of his lot and exhausted by lack of food
and ill treatment, fell into a sleep only
to be rudely awakened by heavy blows
because he breathed too loud. The final
act which brought her before the magis
trate was that of stabbing her little girl
because she asked for a piece of sugar.
? On being brought up for examination -
she expressed no regret for what she
had done, but said she hoped the child
would die, M it would only take fifteen
dollars to bury her, and she would be
through with "the brat."-Philadelphia
How a Hindoo Uses Clocks.
. The Hindoo places a clock in his show
rooms, not because he ever desires to
know what llie hour is, but because a
clock is a foreign curiosity. Instead,
therefore, of contenting himself with
one good clock, he will perhaps have a
dozen in one room. They are signs of
his wealth, but they do not add to his
comfort, for he is so indifferent to time
that he measures it by the number of.
bamboo lengths the Bun has traveled
above the horizon.--Temple Bar.
If you want your umbrella, and es
pecially a good silk one, to last twice as
long as it otherwise would, always leave
it loose, whet! er in use or not, and dry
it opes, handle down.
Mr. Gooclfellow writes that "toast is
more easily digested than ordinary
bread, insomuch as it containa a greater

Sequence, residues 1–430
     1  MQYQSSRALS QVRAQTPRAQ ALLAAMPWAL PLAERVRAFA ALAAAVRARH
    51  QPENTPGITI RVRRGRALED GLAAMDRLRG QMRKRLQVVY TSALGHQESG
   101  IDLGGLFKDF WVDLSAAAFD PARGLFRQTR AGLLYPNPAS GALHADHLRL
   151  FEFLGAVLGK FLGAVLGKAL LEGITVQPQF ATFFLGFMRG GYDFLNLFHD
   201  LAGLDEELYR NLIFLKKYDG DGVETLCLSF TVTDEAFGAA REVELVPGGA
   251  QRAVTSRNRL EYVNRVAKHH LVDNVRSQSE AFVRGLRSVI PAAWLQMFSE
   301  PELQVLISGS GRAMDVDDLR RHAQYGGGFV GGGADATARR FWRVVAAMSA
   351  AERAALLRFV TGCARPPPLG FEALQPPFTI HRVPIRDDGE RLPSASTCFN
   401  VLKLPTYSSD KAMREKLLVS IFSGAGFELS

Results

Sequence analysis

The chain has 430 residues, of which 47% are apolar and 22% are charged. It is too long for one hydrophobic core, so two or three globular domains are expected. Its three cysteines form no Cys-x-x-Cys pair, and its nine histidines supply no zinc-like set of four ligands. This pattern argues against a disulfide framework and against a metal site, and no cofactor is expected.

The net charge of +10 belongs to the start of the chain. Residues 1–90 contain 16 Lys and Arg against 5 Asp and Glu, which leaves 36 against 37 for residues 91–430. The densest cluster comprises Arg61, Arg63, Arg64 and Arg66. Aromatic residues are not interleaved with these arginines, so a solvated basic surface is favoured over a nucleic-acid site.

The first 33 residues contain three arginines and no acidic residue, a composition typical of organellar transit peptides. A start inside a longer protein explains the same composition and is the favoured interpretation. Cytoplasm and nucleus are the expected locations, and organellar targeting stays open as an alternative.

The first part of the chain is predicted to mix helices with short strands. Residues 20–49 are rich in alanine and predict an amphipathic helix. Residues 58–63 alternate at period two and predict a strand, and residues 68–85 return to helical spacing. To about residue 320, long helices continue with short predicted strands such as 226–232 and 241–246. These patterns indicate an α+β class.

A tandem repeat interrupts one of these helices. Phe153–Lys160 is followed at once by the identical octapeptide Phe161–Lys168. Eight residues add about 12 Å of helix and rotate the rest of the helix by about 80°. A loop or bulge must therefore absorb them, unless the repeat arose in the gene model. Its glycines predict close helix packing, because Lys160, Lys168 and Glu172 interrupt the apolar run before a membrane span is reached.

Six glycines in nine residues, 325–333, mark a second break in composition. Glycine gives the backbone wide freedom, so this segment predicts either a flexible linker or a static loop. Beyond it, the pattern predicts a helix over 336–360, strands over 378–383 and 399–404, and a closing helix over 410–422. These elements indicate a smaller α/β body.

percentage of hydrocarbon. "
Good Story About a Sae? Lawyer.
. A Saco lawyer loet his office key and
with it, on the same bunch, the keys to
his safe and house.
There is a spring lock on his office
door, and he concluded that he mast
have left it; in his office and have come
out and locked the door. He accord
ingly borrowed a long. ladder and
crawled through tho back window of
No keys were to be seen, and after
cogitating over the peculiar state of af
fairs he at last let himself out, and there
on the outside of the lock were hanging
the keys.-Bangor (Me.) Commercial
Renting the Kurth.
The highest velocity ever pvon to a
cannon ball is estimated at a mile in 3.1?
seconds. Tivo velocity of the earth at
the equator, due to its rotation on it*
axis, is a mile lu 3.8 seconds. There
fore, if a cannon ball were ftivd due
west, and could maintain its initial
velocity, it would beat the sun in his ap
parent journey around the earth.-Nev
The Mystery Soiled.
Mrs. Yergor is not handsome', and her
voice when ?he sings.is dreadful, but
Colonel Yerger is very demonstrative.
"Why is he always kissing her?' asked,
a friend of the fiiuiily of mother gentle
man, v \
.'1 can't imagine, Sinless it is to keep
her from singing."-Texas Siftings.
Hardening Plaster Casts.
A new method of hardening the vari
ous plaster ornaments so largely used in
the arts has been suggested. The proc-.
ess consists in saturating the article to
be hardened with a solution of silica,
and following thk by the application of
a baryta solution.--New York Journal, f,
What the Teacher Lacked.
The teacher who took tho opportunity
to clean her f nger nails while keeping-a
pupil af ter school to berate her for draw
ing a comb through her bangs during
school hours has* something to learn of
the consistency of things.-Good House
Keeps the scalp
clean, cool, he?lthy.
which has become
thin, faded, or gray;
Dr. J- C. Ayer # Co.
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Among the notable features of the
year there will be new novels by .A.
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Woolson, and William Black. Short
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Bigelow on Russia and Germany; by